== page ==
The Pennine Way from the bottom up.

Discussion in 'Health and Fitness' started by Jimmy Juice, Aug 25, 2011.

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  1. I'm interested if anybody has done the full 268 miles in either direction and has any experiences, advice or stories they would like to share. More than that though, what kit did you take? Did it work as advertised and if not what would you take instead? Finally how did you get to the start line and home again at the end?
  2. JJ, I did this many moons ago as part of an Army charity thingy, what I remember was;

    We had vehicle support which kept our weight down, there were a couple of stops where we had to be self supporting.

    Generally the route enabled us to camp, near a pub of course

    Get a copy of Wainwrights guide, absolutely invaluable for keeping on track

    The scenery was beautiful but I remember it was bleedin' hard work at times

    If you want to do something a little less ambitious try the Coast to Coast which starts at St Bees (West) and finishes in Robin Hoods bay (east) - a fine walk, which includes Helvellyn and striding Edge
  3. An alternate to the C2C is the North of England Way (there is a guidebook out there, somewhere) that starts at Ravenglass and takes you to Filey. Uses permissive ways (unlike the C2C) and doesn't feel like the A303 on a summer Bank Holiday (unlike the C2C). The PW is for masochists. It starts in the middle of nowhere, and takes you to the middle of nowhere, via nowhere.
  4. I've done most of the Pennine Way, in bits, and I think that's actually the best approach. There are parts that are far from enjoyable, such as flogging over Cotherstone Moor in the drizzle, but the section from Middleton in Teesdale to Garrigill, via High Cup and Cross Fell is excellent, for example, as is the Cheviot (on a good day).

    When I first did a section, forty-odd years ago, I persuaded the OTC to give me a lift to my start point and I hitched home from my end point. I camped in some places and used the YHA in others. There's quite an infra structure of B&Bs now, though you need to be self-sufficient for some parts - like the long Cheviots section.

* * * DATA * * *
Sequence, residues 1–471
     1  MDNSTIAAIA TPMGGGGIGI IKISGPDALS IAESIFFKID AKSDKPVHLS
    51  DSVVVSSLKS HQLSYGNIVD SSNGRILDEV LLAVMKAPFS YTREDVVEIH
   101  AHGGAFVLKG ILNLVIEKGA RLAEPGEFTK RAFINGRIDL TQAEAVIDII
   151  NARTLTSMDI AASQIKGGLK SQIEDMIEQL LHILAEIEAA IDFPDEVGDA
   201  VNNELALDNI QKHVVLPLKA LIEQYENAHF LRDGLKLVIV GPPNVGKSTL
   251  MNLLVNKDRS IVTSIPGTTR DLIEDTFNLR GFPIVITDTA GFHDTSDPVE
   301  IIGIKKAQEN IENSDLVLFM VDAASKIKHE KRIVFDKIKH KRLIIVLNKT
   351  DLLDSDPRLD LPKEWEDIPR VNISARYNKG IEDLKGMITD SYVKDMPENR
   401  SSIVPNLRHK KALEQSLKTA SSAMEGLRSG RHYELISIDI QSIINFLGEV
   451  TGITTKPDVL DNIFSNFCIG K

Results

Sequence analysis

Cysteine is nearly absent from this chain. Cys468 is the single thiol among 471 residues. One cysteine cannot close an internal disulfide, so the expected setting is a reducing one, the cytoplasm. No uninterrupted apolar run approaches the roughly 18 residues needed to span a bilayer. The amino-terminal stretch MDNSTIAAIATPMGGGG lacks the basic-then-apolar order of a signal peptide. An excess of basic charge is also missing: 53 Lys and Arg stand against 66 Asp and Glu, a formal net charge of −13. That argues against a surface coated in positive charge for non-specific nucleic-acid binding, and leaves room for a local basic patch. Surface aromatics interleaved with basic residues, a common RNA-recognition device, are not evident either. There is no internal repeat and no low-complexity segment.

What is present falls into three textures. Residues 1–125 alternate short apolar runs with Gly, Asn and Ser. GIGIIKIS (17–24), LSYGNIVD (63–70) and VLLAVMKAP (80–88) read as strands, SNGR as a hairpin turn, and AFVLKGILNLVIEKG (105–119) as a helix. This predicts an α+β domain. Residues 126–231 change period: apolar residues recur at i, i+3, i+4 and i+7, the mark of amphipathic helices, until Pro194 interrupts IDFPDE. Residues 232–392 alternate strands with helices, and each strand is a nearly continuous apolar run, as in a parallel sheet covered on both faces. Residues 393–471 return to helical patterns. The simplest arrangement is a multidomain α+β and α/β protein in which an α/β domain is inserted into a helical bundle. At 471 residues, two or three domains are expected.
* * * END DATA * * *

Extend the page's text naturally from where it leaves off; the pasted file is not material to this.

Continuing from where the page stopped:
The kit I used on my first bash was primitive in the extreme - nowadays, you should be able to go for 2-3 days carrying no more than about 20-25 lbs, as long as you are prepared to purify water you collect on the way.
  5. My Bold .... that is what I did nearly 20 years ago when I did it in several sections although a number of the YHA Hostels have now since closed . I feel sure the Interweb will lead to a list of B&B on the PW . TBH I actually got lost in the peat hags on the first day ... misty ... added a couple of hours . The section Byrness to Kirk Yetholm now has two Refuge Huts .... the one nearest Byrness has instructions on where to obtain good drinking water . I believe it is / was possible to get overnight accomodation at Uswayford which is over halfway on this leg .
    I used Wainwright .... this was the defintive book then and two " Strip Maps " .... cannot remember who made them but they covered the whole walk with a little more detail as to what lay off the PW than Wainwright will provide ,

    Edited to add linky to one of the two maps I used ..... Pennine Way: Edale to Teesdale Pt. 1: Map and Guide Pennine Way Map & Guide 1: Footprint: Books ..... it must be possible to still obtain both from a single source .
  6. The Pennine Way Map and Trail Guide

    I did the whole thing in one go in Sept. 07 using the above website for planning of accomodation. (Sorry the link looks like a dog's dinner)

    I mixed camping and B+B but didn't book anything, was able to fins a place when I wanted to.